Start-up’s success validates years of effort at ECU

By Joy Holster

When good news sounded Oct. 4 at Entegrion in Research Triangle Park, the noise rang out 100 miles away at East Carolina University.

Entegrion announced Department of Defense funding up to $43.7 million to develop Resusix, the company’s unique powdered plasma product that will accelerate resuscitation of trauma victims.

The sound that echoed at ECU was affirmation:  Years in the making, the long-term efforts of the university’s Entrepreneurial Initiative and Office of Technology Transfer are finally starting to pay off.
An ECU start-up company, Entegrion, has received funding up to $43.7 million for product development.

The Entrepreneurial Initiative, housed in the ECU Office of Engagement, Innovation and Economic Development, works to transform faculty innovations from on-paper concept to commercial product through start-up companies funded by local investors.

When successful, the start-up companies and their investors then give back to ECU and the community, triggering a process that can eventually transform the region.

The process appears to be working for Entegrion, an ECU start-up business. With university support, a faculty research concept turned into a successful company that continues to develop products that saves lives.

“That’s an incredible success story,” said Marty Hackney, Entrepreneurial Initiative director.

ECU Chancellor Steve Ballard agreed. “The DOD funding is a significant contract with important implications for our military personnel in battlefield environments,” he said. 

“The contract also reflects the great rewards and benefits from the research expertise and support provided within the University of North Carolina system,” Ballard said.

Transforming the region

Hackney said potential now exists for Entegrion to build a manufacturing facility in eastern North Carolina with the pledged support of the economic development community, which would bring jobs and money into the community. High return on investment means more investors are willing to support more product ideas generated by faculty members. And the momentum grows, she said.

“All the pieces are starting to come together,” Hackney said. “Entegrion’s success is critical. It is the first piece that can start the momentum.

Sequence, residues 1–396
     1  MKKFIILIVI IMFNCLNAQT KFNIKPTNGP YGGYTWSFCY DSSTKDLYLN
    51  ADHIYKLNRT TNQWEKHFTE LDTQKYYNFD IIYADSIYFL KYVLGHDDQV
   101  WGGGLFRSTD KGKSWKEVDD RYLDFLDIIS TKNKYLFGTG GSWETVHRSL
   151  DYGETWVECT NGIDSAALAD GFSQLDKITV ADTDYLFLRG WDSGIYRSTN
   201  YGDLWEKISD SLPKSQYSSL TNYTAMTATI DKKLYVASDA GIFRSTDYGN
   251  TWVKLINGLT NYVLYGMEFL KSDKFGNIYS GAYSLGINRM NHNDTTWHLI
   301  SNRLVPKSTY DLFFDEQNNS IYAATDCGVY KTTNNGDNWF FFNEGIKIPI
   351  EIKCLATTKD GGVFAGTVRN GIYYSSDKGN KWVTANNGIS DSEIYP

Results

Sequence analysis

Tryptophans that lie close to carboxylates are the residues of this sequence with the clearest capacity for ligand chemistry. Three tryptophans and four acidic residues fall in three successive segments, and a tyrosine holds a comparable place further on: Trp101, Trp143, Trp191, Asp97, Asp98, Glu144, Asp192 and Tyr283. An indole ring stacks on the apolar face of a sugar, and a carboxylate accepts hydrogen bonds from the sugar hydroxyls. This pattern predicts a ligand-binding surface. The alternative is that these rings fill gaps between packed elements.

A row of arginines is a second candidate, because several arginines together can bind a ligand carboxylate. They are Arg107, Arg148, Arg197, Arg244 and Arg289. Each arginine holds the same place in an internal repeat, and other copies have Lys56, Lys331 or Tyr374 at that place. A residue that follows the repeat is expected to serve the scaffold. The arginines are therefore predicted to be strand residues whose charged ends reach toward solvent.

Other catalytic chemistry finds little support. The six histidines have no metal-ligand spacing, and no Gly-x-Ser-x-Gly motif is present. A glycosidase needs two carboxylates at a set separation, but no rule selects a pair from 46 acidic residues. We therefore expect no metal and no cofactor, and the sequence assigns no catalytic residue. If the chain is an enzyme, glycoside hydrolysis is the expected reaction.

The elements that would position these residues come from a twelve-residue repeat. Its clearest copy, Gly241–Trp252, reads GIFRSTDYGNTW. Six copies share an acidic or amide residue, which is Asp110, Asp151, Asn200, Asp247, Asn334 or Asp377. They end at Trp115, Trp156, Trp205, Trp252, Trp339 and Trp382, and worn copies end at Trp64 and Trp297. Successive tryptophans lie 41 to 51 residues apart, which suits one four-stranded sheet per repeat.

“With our economic partners we have all the pieces right here at East Carolina University to be the powerhouse to transform this region: technology, health care, science, communication, business and marketing expertise, fine arts, engineering and a relationship with the military,” Hackney said.

Supporting ideas

ECU was among the first to develop a university model for supporting product development through an investor network, Hackney said.  When the ECU program began in 2003, it was one of only four in the nation. Now nearly every university has such a program, she said.

The Entrepreneurial Initiative facilitates development of faculty innovations by providing leadership, expertise, networking and access to investors at different times in the growing process. Interdisciplinary teams of ECU business graduate students serve as project managers for developing companies. They gather market research, help write a business plan, conduct focus groups and often present ideas to investors.

The students’ efforts increase the company’s potential for success, while providing a hands-on opportunity to create and develop a business.

Starting up businesses

Access to investors takes place through the Entrepreneurial Initiative -facilitated Eastern North Carolina Investor Network, a group of established investors who meet regularly to consider and discuss investments in the faculty-inspired start-up companies. Network leaders Will Corbitt, ECU MBA graduate; Tommy Edwards, ECU Medical and Health Sciences Foundation Board of Directors; and UNC graduate Patrick Nash serve on boards and mentor entrepreneurs.